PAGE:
About the Theme:
Theme Three analyses the different models of lifelong learning in a number of countries and regions. We seek to understand more fully the way different systems are structured and how they work. The research will examine the mechanisms by which – in the context of different welfare and labour market regimes – these lifelong learning systems affect skills distribution, civic values and social cohesion at national and regional levels. All the Theme Three projects use international comparisons to assess the effects of macro-level contextual conditions – educational, socio-economic and cultural – on these outcomes.
We expect to generate useful new insights for policy makers on what factors promote equal opportunities and mitigate segregation and inequalities of skills and political engagement. The comparative nature of the Theme Three projects enables the identification of examples of good practice abroad and of the limitations in transferring policies that work elsewhere to the United Kingdom.
Research on education system effects on educational and social outcomes has advanced very substantially in recent years. International data on system characteristics and educational outcomes have been increasingly available from the large scale surveys conducted by the OECD (PISA and IALS) and by IEA (TIMMS, PIRLS and ICCS).
These data have made it possible, for instance, to assess the extent to which the levels of skills at age 15 and how they are distributed throughout a country’s population can be associated with school system characteristics (such as per student educational spending, the educational levels of teachers, the frequency of student assessments, the timing and degree of selection by ability in the school system and the extent of devolution of control from central to regional and local authorities).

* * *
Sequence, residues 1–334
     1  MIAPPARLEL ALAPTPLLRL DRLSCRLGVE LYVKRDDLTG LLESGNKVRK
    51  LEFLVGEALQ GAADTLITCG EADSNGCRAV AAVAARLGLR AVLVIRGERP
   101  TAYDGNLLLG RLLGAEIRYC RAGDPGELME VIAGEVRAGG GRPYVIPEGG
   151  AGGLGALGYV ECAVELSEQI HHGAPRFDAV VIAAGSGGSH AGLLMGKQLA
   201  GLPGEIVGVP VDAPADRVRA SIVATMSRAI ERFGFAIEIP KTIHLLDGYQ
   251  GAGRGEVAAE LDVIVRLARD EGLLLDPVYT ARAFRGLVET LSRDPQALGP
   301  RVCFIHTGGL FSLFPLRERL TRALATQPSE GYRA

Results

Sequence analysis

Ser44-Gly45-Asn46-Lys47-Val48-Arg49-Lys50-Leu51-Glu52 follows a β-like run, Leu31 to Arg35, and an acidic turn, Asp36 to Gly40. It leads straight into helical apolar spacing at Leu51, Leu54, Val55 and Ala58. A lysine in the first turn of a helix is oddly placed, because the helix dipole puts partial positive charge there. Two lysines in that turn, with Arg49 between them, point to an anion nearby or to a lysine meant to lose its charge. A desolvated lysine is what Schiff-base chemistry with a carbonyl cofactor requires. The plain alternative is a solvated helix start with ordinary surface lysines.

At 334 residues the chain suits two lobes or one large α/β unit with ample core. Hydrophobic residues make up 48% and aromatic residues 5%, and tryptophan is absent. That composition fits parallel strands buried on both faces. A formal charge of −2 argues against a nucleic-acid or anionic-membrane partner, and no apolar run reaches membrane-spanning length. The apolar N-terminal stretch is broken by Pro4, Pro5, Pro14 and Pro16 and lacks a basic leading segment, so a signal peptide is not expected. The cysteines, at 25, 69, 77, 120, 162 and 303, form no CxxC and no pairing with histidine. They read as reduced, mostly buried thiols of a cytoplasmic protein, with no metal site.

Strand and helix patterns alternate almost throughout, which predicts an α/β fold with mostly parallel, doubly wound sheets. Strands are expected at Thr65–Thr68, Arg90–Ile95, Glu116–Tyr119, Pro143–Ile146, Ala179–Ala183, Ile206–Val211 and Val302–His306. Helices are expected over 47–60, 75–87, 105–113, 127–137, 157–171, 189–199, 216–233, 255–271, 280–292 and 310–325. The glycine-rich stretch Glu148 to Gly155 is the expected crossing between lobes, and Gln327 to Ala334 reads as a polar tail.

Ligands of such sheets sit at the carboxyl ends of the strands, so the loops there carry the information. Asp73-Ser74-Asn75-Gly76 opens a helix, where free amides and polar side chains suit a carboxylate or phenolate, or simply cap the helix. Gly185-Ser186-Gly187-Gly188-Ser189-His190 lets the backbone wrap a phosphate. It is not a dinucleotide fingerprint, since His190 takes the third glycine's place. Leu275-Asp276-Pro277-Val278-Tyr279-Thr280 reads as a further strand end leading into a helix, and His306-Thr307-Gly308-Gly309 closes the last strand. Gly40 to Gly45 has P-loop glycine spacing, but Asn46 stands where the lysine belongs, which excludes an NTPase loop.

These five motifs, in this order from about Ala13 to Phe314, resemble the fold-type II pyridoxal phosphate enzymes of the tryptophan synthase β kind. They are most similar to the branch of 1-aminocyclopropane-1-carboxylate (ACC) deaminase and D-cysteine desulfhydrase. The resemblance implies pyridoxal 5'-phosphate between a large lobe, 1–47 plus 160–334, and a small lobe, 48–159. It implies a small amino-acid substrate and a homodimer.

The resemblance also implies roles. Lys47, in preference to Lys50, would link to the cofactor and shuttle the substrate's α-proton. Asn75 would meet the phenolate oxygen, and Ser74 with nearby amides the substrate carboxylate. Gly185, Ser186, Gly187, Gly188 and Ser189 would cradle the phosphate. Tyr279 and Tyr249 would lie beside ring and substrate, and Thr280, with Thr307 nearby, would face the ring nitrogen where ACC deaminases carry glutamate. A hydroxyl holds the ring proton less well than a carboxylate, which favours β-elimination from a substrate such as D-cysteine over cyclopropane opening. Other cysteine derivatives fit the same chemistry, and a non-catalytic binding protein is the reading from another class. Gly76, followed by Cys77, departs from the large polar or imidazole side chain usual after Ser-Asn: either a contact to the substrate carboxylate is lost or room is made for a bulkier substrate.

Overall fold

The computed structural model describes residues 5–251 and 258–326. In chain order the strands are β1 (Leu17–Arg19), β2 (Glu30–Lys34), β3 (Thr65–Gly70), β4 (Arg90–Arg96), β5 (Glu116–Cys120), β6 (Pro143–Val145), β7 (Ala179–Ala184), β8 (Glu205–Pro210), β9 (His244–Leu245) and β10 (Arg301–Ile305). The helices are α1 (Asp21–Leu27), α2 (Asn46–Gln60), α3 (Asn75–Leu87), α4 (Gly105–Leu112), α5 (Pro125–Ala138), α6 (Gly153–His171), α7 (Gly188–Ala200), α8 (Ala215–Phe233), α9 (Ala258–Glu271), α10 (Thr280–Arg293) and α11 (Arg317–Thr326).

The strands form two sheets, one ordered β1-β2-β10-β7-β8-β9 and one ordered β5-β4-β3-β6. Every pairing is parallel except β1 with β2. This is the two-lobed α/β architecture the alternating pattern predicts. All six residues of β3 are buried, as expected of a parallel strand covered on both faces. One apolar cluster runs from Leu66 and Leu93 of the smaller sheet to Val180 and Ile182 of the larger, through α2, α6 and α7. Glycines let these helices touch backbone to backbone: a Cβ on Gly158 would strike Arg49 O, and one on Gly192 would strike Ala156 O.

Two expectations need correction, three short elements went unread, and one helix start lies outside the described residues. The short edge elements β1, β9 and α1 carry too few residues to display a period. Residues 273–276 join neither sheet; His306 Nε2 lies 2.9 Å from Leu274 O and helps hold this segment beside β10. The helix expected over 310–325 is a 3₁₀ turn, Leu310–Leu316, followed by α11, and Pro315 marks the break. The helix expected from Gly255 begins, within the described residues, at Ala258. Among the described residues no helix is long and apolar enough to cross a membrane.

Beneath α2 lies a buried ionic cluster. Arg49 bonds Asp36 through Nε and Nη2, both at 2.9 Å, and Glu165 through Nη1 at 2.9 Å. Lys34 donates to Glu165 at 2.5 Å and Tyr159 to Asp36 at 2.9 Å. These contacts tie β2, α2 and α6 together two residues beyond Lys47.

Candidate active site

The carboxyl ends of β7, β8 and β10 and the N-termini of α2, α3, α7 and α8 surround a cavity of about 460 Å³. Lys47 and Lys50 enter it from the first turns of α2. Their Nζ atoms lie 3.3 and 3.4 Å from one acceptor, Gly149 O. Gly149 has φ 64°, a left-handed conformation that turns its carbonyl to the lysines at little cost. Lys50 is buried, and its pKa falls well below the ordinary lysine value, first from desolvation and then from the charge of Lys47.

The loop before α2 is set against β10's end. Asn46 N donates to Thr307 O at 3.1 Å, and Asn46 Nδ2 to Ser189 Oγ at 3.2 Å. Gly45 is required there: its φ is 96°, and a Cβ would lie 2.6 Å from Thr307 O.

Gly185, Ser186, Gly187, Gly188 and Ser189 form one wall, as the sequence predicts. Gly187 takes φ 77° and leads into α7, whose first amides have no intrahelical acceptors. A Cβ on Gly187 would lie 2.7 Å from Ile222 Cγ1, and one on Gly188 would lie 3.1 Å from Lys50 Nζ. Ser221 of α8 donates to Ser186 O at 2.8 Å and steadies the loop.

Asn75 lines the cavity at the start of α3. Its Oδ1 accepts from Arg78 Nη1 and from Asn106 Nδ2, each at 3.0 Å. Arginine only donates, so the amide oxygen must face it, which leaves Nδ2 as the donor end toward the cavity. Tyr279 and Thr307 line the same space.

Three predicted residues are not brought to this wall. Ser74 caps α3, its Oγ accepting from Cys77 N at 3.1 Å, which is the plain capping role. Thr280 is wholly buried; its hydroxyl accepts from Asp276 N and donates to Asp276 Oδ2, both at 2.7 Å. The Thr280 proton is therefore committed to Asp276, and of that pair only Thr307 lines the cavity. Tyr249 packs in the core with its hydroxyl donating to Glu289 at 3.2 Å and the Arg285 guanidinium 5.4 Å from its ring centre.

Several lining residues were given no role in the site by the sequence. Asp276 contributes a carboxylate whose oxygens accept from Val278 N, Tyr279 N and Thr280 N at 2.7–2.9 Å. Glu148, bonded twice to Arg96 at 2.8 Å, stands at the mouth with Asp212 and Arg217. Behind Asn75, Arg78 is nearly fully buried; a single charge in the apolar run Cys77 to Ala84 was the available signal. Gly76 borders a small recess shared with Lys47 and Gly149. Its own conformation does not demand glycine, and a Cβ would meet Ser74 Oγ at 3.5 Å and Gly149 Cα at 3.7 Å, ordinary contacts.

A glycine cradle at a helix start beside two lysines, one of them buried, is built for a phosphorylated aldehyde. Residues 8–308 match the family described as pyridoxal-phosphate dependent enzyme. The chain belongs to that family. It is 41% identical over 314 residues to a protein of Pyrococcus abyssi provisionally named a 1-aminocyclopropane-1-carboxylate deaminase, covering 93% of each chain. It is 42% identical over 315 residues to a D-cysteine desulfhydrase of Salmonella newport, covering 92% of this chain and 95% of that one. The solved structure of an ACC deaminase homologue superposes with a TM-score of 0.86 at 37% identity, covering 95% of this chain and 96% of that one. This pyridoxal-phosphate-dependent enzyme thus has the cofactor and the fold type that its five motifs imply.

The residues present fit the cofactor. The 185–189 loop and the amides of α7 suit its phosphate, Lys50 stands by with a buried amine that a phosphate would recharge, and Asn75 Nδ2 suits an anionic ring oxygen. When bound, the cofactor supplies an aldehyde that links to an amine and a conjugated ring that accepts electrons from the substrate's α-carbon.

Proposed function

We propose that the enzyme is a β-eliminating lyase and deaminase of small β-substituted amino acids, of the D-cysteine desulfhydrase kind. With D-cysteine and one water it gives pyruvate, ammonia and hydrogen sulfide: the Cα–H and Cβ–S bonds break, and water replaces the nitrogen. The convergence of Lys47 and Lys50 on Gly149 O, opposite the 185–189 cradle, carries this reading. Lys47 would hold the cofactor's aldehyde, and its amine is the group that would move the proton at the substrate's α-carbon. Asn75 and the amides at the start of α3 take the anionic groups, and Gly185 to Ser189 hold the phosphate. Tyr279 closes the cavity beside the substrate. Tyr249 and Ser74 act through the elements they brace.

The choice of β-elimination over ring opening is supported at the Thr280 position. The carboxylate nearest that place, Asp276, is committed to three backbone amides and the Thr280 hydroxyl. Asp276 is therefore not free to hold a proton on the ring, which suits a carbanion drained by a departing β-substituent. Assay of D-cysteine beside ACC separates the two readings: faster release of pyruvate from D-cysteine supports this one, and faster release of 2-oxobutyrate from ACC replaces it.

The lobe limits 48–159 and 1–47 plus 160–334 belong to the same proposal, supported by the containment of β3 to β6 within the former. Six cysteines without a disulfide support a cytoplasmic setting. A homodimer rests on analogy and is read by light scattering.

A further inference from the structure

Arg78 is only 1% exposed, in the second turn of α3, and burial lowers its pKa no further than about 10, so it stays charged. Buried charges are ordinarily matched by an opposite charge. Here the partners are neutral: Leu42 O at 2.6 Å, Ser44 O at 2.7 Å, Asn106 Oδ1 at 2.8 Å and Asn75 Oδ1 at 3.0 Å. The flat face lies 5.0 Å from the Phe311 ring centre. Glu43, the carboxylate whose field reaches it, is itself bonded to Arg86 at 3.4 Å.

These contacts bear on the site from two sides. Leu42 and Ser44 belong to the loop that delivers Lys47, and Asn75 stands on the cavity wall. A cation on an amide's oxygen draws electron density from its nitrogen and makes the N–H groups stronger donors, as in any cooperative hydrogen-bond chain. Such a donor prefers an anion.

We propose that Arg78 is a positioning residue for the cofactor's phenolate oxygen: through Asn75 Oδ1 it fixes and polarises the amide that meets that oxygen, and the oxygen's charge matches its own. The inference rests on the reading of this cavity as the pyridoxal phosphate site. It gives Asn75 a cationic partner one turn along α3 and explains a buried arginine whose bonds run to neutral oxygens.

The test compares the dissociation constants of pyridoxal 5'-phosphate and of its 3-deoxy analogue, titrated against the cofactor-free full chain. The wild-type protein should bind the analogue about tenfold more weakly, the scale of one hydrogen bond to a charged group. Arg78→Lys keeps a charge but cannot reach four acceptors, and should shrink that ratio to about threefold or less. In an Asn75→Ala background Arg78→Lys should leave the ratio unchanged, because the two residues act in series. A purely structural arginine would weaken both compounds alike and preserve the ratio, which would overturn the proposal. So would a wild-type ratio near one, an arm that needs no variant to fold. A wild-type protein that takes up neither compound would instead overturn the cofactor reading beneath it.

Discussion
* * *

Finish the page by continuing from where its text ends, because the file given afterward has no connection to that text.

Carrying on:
However, the growing literature on system effects has limitations. Perhaps because of the popularity of the PISA studies (which measure the literacy and numeracy skills of 15-year-olds) and because national education systems are at their most distinctive at the lower secondary stage, most studies in this literature have focused on the effects of system properties in the compulsory education phase, and the performance and attitudes of 15-year-olds in particular.
There are numerous quantitative cross-country studies on the supply, price and uptake of pre-school education and care and of adult education and training, but few of these consider the institutional characteristics of the systems that deliver them and the effects of these on learning and social outcomes. Another shortcoming in this literature is the relatively narrow emphasis on performance in literacy, numeracy and scientific skills.
Few studies have investigated civic values – those relevant for social cohesion and liberal democracy – and the role that system characteristics play in influencing both their levels and disparities. Finally, while various studies have explored the wider social effects of private schools in specific countries, there are few studies which investigate cross-nationally the social effects of different forms of private or quasi-private school, including the various new types of ‘academies’ and ‘free schools’ which have been developed in England, Sweden and the USA.
LLAKES has already made a substantial contribution to the literature on the effects of system characteristics in the compulsory education phase. We are now aiming to build on this research in order to obtain a clearer understanding of the net contribution of each phase of education (pre-school, compulsory schooling, post-compulsory schooling, adult learning) and of type of education (private, semi-private and state) to social outcomes.
This will be achieved by analyses of longitudinal data in different countries, comparisons of the effects of education on adolescent and adult civic values, and cross-country comparison of aggregate levels and distributions of skills amongst 15-year-olds (from PISA) and adults (from PIAAC).
Projects in Theme Three include:
Contact details: Dr Germ Janmaat, email@example.com, 020 7911 6631